By Larissa Mehlfelder, CFP®, CAIA
Even if you haven’t done any retirement planning yet, you’ve probably heard of Medicare, a federal insurance program designed for people older than 65, younger adults with disabilities, or those with end-stage renal disease that requires permanent dialysis or transplant. If you fall into any of these three categories, you may be a candidate to receive Medicare coverage.
What you might not know is that with Medicare, there are many options to consider and details to keep in mind. As we draw closer to 2018’s Medicare open enrollment period, let’s review what you need to know.
Medicare Open Enrollment Explained
Open enrollment is not for those who have never signed up for Medicare, unless the open enrollment period also falls during your initial enrollment time, which begins three months before you turn 65 and ends three months after the month you turn 65.
Medicare Part A is free and the majority of people should enroll as soon as they are eligible, even if they are covered by an employer plan. The only exceptions would be for people that work for a company with less than 20 people or are contributing to a health savings account (HSA). If you do not enroll during your initial enrollment window, you’ll likely face higher Part B premiums for the rest of your life. There is also a 10% increase in Part B premiums for every 12-month period that you go without coverage upon becoming eligible.
The Medicare open enrollment period happens at the same time every year due to the changes in 2011, starting on October 15th and ending December 7th. For coverage in 2019, open enrollment will run from October 15, 2018, to December 7, 2018. Once December 8th hits, the enrollment period closes until the following October. During this time, current Medicare users can switch coverage or add or drop parts of their plan.
Medicare Coverage Packs Available During Open Enrollment
Here is what you can do with your Medicare plan during open enrollment:
- If you have Parts A & B, you can switch to Medicare Part C (or Medicare Advantage), which is often contracted by companies that have an agreement with Medicare. This service includes the coverage of both Plan A and Plan B (Original Medicare), as well as additional services like prescription drug coverage and private fee-for-service plans.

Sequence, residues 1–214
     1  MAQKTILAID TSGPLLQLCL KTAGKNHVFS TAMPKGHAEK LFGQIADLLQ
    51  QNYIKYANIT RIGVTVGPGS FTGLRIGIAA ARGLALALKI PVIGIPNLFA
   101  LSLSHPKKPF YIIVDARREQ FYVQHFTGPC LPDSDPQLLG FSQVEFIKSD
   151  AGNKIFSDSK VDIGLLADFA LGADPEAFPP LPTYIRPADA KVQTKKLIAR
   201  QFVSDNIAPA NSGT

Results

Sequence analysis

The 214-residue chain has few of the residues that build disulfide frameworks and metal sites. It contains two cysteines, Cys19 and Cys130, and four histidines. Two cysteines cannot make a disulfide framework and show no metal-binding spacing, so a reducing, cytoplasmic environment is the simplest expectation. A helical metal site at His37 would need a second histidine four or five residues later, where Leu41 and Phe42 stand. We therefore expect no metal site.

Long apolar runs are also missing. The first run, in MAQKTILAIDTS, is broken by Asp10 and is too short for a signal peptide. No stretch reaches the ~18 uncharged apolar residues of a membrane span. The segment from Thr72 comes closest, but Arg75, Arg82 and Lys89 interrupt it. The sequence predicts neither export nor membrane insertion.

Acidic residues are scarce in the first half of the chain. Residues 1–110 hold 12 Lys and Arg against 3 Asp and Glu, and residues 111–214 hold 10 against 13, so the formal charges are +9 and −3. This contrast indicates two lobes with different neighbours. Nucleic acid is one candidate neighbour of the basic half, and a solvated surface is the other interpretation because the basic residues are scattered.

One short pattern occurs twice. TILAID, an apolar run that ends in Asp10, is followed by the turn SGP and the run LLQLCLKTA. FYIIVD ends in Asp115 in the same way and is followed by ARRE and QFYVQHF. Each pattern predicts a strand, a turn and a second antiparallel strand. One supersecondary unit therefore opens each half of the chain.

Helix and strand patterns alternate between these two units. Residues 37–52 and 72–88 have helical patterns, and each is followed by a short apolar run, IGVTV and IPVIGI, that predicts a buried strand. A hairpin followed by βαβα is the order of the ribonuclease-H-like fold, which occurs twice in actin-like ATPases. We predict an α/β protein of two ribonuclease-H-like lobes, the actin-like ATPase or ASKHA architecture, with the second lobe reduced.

- If you have Medicare Part C, you can switch it back to Original Medicare (Parts A & B)
- You can reevaluate your Part C plan and switch to a different Medicare Advantage plan.
- If you already have Parts A & B, you can join or drop a Part D prescription drug plan, This part of Medicare adds the prescription drug coverage for Original Medicare, private fee-for-service plans, and some Medicare cost plans.
- You can switch your Part D prescription drug plan to a different Part D plan.
Cost Of Medicare
The cost of Medicare insurance depends on a variety of factors. The standard premium starts at $134 in 2018 and goes up from there depending on income. The cost may vary depending on your income, whether or not you’re still working, and when you originally enrolled. Review the factors to get the best coverage.
As an example to determine cost, if you worked for more than 10 years, your monthly cost for the Plan A premium is $0 because you paid it while you worked. But the costs get higher if you worked for fewer than 10 years, climbing to $422 a month. The Plan B premium also offers coinsurance after you’ve paid your deductible. This means that for some services you’ll pay only 20% of the total cost.
As you can see, Medicare is complicated and ever-evolving. If you feel overwhelmed by this information, you are not alone. We want to ensure that you have the tools to decide on a plan to cover all aspects of your retirement. If you need help evaluating your Medicare options, reviewing your insurance coverage, or just want to ask a couple of questions, we’re here to help. Call us at 973-525-1000 or email Info@simonquickadvisors.com to connect with us.
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